According to figures released by Statistics Netherlands this week, 88 percent of inhabitants on Bonaire aged 15 years and older reported having a religious denomination in 2013. On Saba and St Eustatius 83 percent of inhabitants said they were religious. The number of religious people is much higher than in the European Netherlands, where just over half of adults (aged 18 years and older) say they have a denomination. Just as in the European Netherlands, Roman Catholicism constitutes the largest group.
On Bonaire almost seven in ten inhabitants are Roman Catholic. Just under 7 percent are Pentecostals and nearly 5 percent Evangelical.
St Eustatius has three main religions: almost a quarter of inhabitants are Catholic, just under one in five are Methodists and one in six Adventists.
On Saba most people are Catholic too: just over four in ten inhabitants. Eight percent are Anglicans and 6 percent are Muslims. Relatively more older people and those with a lower level of education are religious than younger and higher educated people.
Religions on Bonaire, St Eustasius and Saba, 2013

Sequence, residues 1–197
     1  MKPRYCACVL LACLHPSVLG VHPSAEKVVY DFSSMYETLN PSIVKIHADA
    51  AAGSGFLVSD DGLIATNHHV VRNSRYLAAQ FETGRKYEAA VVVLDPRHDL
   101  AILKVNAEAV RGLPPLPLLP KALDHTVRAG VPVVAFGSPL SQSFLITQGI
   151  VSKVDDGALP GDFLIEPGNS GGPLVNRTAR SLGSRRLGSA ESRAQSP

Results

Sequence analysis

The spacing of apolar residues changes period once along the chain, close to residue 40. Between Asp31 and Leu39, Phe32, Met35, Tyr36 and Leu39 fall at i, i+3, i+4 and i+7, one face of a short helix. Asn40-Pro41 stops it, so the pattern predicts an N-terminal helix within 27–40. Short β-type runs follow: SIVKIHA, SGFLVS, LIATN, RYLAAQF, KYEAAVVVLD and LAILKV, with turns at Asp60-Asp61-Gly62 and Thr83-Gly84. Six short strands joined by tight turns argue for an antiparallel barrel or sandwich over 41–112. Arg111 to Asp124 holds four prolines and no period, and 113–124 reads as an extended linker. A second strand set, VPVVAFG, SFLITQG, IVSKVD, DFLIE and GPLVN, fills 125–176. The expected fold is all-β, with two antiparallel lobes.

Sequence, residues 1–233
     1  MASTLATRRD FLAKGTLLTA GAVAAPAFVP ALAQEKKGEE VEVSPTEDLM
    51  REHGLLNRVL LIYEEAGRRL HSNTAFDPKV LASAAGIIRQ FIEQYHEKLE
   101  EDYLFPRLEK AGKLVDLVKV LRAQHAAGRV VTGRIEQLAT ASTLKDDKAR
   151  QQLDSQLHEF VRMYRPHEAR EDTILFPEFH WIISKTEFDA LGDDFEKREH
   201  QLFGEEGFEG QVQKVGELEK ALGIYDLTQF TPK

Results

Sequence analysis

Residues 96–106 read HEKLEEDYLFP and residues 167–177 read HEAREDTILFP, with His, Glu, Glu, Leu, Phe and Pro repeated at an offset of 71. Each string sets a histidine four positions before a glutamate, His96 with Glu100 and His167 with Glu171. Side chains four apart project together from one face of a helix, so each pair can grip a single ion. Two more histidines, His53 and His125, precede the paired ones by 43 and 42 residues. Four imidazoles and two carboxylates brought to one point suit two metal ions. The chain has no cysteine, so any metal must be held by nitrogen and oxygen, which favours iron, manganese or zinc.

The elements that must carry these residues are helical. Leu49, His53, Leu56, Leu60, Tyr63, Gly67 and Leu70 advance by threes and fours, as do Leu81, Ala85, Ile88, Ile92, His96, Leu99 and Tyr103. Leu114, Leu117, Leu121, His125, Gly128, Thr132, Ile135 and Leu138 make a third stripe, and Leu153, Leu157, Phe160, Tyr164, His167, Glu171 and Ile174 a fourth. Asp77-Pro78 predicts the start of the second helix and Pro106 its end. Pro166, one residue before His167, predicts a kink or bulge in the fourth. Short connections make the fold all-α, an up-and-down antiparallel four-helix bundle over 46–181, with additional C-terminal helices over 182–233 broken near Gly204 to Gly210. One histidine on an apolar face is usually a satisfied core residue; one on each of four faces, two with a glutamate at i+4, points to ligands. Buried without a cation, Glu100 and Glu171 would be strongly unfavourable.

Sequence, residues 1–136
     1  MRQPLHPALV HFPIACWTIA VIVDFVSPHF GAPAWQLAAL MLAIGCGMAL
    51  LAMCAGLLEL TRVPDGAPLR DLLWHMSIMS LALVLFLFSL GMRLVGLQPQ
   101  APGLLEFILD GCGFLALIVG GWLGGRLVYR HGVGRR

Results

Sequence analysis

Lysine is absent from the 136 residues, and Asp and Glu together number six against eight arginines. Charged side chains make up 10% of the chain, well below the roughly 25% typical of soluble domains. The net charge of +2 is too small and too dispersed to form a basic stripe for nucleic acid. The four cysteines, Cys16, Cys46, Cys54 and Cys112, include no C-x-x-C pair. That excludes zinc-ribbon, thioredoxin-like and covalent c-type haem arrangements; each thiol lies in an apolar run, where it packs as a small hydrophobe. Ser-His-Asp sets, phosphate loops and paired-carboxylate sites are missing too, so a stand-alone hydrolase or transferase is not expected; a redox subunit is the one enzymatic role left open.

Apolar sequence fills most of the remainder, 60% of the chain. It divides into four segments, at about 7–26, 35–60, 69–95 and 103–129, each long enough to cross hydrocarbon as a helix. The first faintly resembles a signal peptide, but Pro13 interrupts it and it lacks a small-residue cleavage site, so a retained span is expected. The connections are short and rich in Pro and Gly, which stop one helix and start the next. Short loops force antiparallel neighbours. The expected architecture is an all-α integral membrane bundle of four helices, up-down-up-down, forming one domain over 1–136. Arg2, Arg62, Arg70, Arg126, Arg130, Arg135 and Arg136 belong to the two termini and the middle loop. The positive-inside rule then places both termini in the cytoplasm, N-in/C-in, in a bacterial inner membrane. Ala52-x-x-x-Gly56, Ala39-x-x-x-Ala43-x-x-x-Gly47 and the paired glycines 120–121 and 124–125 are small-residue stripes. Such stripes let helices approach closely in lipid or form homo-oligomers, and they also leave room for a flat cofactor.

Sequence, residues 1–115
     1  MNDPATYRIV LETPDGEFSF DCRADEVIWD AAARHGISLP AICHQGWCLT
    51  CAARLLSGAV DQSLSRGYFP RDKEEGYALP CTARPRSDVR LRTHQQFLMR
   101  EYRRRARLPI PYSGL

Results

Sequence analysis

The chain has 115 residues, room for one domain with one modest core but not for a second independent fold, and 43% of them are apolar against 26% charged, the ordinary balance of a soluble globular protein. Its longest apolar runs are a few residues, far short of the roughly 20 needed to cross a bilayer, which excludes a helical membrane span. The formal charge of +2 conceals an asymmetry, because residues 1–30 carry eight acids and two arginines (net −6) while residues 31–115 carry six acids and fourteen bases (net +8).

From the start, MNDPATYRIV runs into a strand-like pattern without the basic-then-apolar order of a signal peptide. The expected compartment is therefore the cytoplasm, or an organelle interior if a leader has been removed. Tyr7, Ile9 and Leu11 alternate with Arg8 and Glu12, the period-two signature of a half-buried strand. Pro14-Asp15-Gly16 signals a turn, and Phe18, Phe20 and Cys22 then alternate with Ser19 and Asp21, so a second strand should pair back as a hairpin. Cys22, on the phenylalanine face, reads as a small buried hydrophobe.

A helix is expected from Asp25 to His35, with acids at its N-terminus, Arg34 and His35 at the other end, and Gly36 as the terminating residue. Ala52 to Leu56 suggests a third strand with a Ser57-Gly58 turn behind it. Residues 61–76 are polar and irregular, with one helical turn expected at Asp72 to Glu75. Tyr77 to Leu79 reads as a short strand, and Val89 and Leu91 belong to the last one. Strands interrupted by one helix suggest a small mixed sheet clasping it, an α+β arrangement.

30 percent of all religious people in the Caribbean Netherlands attend a religious gathering at least once a week, older people go more frequently than younger people, and twice as many women as men. More than 40 percent of men hardly ever or never go to church as opposed to just over a quarter of women.
Frequency of attendance correlates with education level. On Bonaire and Saba relatively more people with a high education level attend church at least once a week than people with an intermediate or low level of education. On St Eustatius there are no differences in church attendance between higher en lower educated people.
Church attendance in the Caribbean Netherlands by education level, 2013
Omnibus Survey Dutch Caribbean